When I announced my pregnancy with Sasha (my 4th earth-side baby), I received hate messages via Facebook Messengar by a newly created, photoless profile under the name “Grace,” letting me know how much of a dirty slut I am for having 4 (now 5) children before I hit 30 and that I strongly need sex therapy. I have no idea who “Grace” really was, but I have my theories. I learned that even as a married women to the father of 4/5 children, my past cannot escape me, I am whoever they say I am.
I learned that I wish I would have waited.
I wish I was old enough to be able to comprehend what sex truly meant. I wish I knew what clear consent truly meant.
I wish my mom talked to me about sex and respect and consent, instead of jumping directly to birth control.
I wish I knew I would lose my dad that day. Physically he’s here, but mentally, he checked out the day the school called him. I wish I knew I would lose my best friend. I wish I knew what “daddy issues” were before I had them.
I wish I knew that I would see my body as damaged. I wish I knew I would feel ashamed of my body. I wish I knew that for the rest of my life I would have flashbacks of sexual trauma. I wish that I knew I would be extremely uncomfortable and tense up any time I am touched for the rest of my life, even with my own husband.
I wish I knew that I would never be able to give myself to my husband because I have already given it all. I wish I knew how hard it would be having someone be my “last” instead of “my first.” I wish I knew how much it would hurt my husband to know that my first love and twin-flame was not him.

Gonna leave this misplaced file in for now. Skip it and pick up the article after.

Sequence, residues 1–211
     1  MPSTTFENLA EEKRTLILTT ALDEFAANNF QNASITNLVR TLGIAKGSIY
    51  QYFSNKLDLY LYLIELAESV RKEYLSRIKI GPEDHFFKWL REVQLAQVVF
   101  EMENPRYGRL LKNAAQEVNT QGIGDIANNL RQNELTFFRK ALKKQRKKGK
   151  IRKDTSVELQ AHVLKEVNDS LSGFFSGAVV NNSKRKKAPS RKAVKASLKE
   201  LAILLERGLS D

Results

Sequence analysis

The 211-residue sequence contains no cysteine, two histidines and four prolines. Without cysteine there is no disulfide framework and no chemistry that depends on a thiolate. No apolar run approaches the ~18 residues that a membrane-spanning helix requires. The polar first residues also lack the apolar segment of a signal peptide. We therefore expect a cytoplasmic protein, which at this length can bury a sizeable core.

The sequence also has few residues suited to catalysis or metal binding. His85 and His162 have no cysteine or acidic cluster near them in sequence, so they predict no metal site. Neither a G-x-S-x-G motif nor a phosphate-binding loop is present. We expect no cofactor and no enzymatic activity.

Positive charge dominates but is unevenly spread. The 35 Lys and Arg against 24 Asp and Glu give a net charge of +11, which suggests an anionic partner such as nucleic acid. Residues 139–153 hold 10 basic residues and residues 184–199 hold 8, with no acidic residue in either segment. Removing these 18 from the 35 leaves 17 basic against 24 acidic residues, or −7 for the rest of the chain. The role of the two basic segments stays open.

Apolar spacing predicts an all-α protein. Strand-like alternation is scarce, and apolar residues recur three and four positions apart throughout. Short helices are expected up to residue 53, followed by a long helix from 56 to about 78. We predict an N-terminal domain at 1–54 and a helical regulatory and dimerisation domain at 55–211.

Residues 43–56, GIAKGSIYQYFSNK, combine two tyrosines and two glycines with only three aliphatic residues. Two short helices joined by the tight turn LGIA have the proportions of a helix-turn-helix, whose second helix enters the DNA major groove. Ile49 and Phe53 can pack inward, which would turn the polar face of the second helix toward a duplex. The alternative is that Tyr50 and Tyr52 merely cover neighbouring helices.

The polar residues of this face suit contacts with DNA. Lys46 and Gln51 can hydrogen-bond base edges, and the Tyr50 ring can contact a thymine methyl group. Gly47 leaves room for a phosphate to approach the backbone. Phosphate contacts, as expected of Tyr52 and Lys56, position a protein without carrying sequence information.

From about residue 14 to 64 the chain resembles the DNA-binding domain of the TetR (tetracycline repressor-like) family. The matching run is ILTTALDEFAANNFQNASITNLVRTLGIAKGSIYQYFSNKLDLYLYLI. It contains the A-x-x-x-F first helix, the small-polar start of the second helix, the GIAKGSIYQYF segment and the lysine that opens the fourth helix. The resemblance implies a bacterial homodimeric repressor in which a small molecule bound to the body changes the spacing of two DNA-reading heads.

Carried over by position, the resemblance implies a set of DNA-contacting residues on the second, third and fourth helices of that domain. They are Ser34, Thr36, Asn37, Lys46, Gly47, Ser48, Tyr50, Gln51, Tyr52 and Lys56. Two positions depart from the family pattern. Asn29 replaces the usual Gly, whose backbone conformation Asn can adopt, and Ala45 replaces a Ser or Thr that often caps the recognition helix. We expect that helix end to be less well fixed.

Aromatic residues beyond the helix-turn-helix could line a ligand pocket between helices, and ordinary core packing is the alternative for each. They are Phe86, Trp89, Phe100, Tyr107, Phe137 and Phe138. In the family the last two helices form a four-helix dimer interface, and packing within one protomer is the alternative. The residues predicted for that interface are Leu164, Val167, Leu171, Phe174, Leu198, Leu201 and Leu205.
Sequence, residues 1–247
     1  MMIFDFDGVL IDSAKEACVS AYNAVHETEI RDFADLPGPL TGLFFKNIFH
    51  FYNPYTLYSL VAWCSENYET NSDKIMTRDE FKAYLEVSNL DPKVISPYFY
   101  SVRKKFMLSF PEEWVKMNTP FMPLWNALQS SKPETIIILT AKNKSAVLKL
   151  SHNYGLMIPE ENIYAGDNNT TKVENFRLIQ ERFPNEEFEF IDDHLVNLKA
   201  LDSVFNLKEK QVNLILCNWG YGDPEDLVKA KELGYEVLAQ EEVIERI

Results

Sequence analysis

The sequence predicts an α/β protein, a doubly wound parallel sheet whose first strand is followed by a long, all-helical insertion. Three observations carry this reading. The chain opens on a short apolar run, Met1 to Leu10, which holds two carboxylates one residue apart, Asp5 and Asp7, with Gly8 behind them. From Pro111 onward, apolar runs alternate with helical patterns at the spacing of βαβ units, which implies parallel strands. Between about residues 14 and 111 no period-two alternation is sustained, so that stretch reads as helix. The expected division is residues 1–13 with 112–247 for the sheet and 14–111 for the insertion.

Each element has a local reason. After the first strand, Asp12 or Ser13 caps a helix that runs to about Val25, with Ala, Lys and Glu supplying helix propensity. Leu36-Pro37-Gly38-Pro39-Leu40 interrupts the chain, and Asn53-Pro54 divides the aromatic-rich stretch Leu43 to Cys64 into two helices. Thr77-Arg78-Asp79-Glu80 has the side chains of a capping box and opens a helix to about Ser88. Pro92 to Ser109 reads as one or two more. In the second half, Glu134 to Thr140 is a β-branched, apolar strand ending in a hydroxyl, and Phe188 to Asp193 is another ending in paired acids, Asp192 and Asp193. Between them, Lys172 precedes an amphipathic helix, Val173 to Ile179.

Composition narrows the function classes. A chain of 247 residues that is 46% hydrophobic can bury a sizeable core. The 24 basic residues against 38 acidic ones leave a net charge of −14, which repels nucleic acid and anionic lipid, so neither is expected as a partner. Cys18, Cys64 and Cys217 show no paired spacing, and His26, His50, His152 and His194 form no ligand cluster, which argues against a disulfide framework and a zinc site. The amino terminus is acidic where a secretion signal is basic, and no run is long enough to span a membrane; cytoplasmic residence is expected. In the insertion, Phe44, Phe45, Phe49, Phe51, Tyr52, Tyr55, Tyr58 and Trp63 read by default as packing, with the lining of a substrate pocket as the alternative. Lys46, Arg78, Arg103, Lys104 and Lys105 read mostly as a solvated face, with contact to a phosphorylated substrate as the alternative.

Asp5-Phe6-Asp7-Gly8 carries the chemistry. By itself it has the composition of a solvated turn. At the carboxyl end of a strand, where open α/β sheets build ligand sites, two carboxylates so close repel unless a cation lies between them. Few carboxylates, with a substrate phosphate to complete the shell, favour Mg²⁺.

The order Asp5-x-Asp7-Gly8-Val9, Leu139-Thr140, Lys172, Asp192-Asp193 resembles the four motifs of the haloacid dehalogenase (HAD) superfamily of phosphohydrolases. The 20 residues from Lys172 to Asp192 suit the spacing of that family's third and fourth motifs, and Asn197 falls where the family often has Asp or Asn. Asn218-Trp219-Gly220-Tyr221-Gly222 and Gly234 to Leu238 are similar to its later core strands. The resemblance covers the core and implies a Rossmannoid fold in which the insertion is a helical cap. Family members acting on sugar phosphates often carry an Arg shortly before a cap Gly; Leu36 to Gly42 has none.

I wish I knew how hard parenting outside of marriage would be. I wish I knew that in marriage, a woman’s body and choices are no longer fully hers. I wish I knew how awful custody issues are. I wish someone taught me this instead of teaching me that I would go to “hell.” I wish I knew that babies don’t always change people or make relationships last. I wish I knew that for the rest of my life I would fell incomplete and always have a huge hole in my heart from my son being adopted by my parents. I wish I knew that I would never feel whole again after losing my son’s father. I wish I knew how difficult it would be to parent with someone who sees the world entirely different than you. I wish I knew how complicated having children made relationships. I wish I knew how difficult it would be to make decisions when children were involved. I love my children, and I do not regret them in any way.
I didn’t know then, but I know now for my own children. I can’t make the choice for them, but I can share my experiences and guide them to making better choices than I did. I will not teach them that “boys will be boys” because I don’t agree with excusing the behavior. I will not allow people to say disgusting, sexist comments like “with a boy you worry about one penis, with a girl you worry about all the penises,” when talking about my children. I will teach them to respect EVERY body, especially their own.
After opening up about my sexual trauma history, many women have opened up to my about theirs. The amount of women who have experienced sexual trauma and didn’t know, didn’t feel they could tell, pretend it didn’t happen, etc. is truly sickening. We live in a world filled with the promotion of rape culture and we feed into it every day in even the simplest ways.
For example, my in-laws have a rule regarding no two piece bathing suits because “it could cause the boys to wonder.” That is teaching my children that if my children are raped, it is THEIR fault because they wore clothing that was “too provocative” which is a VERY common excuse of rapists.
Our children deserve much better. Use your voice and be loud. Our children are the future. Our children can change the world. Teach them how to do.